The pandemic-battered travel and tourism industries will receive about $1.5 billion in targeted support from the federal budget as the Trudeau government attempts to boost jobs and revive the economy.
The two sectors have been among the hardest hit due to restrictions and closures to help prevent the spread of COVID-19, with events cancelled and planes grounded. To help revive the beleaguered industries as the pandemic unwinds, the federal budget earmarked $1 billion for the tourism industry and $465 million dollars for air travel and airports.
“It means providing support where COVID has struck hardest — to women, to young people, to low-wage workers, and to small and medium-sized businesses, especially in hospitality and tourism,” Finance Minister Chrystia Freeland said on Monday.
The budget includes $82.5 million this year for Transport Canada to help large Canadian airports invest in COVID-19 testing infrastructure, with an additional $105.3 million over five years to develop touchless and secure air travel technology with international partners. The Canadian Air Transport Security Authority will also receive $6.7 million to purchase sanitization equipment.
Passengers typically make up about 90 per cent of airport revenue, but during the pandemic, travel plummeted to 10 per cent of normal levels while airports remained open to manage essential travellers and cargo. As a result, Canada’s airports expect to have lost $5.5 billion in revenues while adding $2.8 billion in pandemic-related debt by the end the year, according to the Canadian Airport Council.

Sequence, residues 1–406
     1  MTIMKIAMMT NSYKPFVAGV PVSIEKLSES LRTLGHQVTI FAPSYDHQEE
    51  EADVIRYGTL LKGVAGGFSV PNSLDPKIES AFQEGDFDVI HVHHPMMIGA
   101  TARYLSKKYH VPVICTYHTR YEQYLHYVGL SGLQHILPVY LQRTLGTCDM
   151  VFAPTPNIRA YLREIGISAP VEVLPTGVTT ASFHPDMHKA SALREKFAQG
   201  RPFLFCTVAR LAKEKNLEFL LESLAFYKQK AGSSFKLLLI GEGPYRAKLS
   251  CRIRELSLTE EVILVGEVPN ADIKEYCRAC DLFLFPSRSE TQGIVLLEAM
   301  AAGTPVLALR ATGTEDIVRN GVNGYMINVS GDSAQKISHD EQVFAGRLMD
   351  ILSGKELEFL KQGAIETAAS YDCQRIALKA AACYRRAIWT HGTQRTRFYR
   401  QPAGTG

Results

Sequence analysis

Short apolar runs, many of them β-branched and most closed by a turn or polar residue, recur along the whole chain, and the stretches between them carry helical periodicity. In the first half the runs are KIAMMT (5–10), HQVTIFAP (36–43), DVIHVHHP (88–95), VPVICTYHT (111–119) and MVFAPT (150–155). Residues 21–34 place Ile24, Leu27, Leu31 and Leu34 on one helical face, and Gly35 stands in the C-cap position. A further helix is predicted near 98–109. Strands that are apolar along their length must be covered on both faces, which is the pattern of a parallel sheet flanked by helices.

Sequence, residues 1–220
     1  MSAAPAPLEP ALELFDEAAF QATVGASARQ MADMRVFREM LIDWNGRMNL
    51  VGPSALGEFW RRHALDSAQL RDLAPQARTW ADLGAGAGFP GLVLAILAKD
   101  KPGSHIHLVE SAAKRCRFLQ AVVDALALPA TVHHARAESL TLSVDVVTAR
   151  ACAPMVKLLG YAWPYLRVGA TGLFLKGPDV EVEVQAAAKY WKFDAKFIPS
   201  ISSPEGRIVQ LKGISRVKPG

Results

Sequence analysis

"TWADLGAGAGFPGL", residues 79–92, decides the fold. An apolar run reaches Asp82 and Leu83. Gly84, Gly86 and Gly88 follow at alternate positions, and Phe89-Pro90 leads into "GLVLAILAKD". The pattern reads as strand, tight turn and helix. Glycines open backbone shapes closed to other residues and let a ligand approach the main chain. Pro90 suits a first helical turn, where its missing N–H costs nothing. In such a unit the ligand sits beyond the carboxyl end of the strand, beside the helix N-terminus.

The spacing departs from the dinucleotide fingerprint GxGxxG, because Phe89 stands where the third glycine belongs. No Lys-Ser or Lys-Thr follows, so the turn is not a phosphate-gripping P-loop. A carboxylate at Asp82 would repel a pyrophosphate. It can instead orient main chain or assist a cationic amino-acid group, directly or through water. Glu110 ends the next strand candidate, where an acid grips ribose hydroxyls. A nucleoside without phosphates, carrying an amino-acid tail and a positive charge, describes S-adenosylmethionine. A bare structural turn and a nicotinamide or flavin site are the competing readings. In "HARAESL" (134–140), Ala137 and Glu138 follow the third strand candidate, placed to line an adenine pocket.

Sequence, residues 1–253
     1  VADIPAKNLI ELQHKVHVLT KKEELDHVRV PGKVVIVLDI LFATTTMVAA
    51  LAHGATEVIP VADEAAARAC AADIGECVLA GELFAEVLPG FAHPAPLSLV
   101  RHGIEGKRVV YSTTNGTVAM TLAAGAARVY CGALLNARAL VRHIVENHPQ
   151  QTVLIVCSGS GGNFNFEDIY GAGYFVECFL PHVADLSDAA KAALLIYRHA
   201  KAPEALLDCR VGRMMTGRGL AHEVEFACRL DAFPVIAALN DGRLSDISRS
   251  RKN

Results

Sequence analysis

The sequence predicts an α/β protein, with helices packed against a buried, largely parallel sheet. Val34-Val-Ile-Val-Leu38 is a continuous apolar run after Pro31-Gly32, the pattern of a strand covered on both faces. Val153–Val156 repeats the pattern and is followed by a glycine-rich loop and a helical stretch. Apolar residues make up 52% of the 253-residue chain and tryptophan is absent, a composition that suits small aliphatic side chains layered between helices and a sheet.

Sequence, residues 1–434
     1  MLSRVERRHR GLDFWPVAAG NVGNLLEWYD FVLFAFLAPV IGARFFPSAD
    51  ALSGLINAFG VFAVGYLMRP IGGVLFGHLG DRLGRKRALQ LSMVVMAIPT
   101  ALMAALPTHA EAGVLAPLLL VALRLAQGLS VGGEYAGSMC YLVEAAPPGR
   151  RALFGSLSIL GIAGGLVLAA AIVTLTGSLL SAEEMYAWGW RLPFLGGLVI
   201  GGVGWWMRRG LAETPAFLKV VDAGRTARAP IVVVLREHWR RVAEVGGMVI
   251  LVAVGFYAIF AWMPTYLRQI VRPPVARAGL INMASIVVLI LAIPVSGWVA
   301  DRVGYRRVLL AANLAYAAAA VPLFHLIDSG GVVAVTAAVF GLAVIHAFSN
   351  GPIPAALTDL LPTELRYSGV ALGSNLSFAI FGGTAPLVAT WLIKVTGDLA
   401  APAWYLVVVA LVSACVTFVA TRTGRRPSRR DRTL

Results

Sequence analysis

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“Canada clamped down on travel to keep Canadians safe, which has had an immediate and devastating impact on the air sector and prospects for post-pandemic recovery,” Canadian Airport Council president Daniel-Robert Gooch said in a press release last week.
In an attempt to meet its goal of creating one-million jobs by the end of this year, the federal government is spending $1 billion investment over three years to support festivals, local cultural celebrations, concerts, exhibits and live shows.
The pandemic has decimated local tourism industries across the country. The number of active businesses in the sector dropped by nine per cent between January and November of last year, according to a March report by Destination Canada.
Large national festivals — including Toronto’s Canadian National Exhibition, Vancouver’s Pacific National Exhibition and the Calgary Stampede — have struggled to maintain leases and pay what staff remain after layoffs without being able to host in-person events. Last year, the Canadian Association of Fairs and Exhibitions asked for $74 million to help fairs, exhibitions and agricultural societies survive.
The investment in travel and tourism comes one week after the federal government announced a $5.9 billion relief package for Air Canada, with further investments in Canada’s airlines to be announced at a later date.
Monday’s announcement marks the first federal budget since before the COVID-19 pandemic hit, and the Canadian government is spending a significant amount of money — the most spent the Second World War — to help get the economy back on track.
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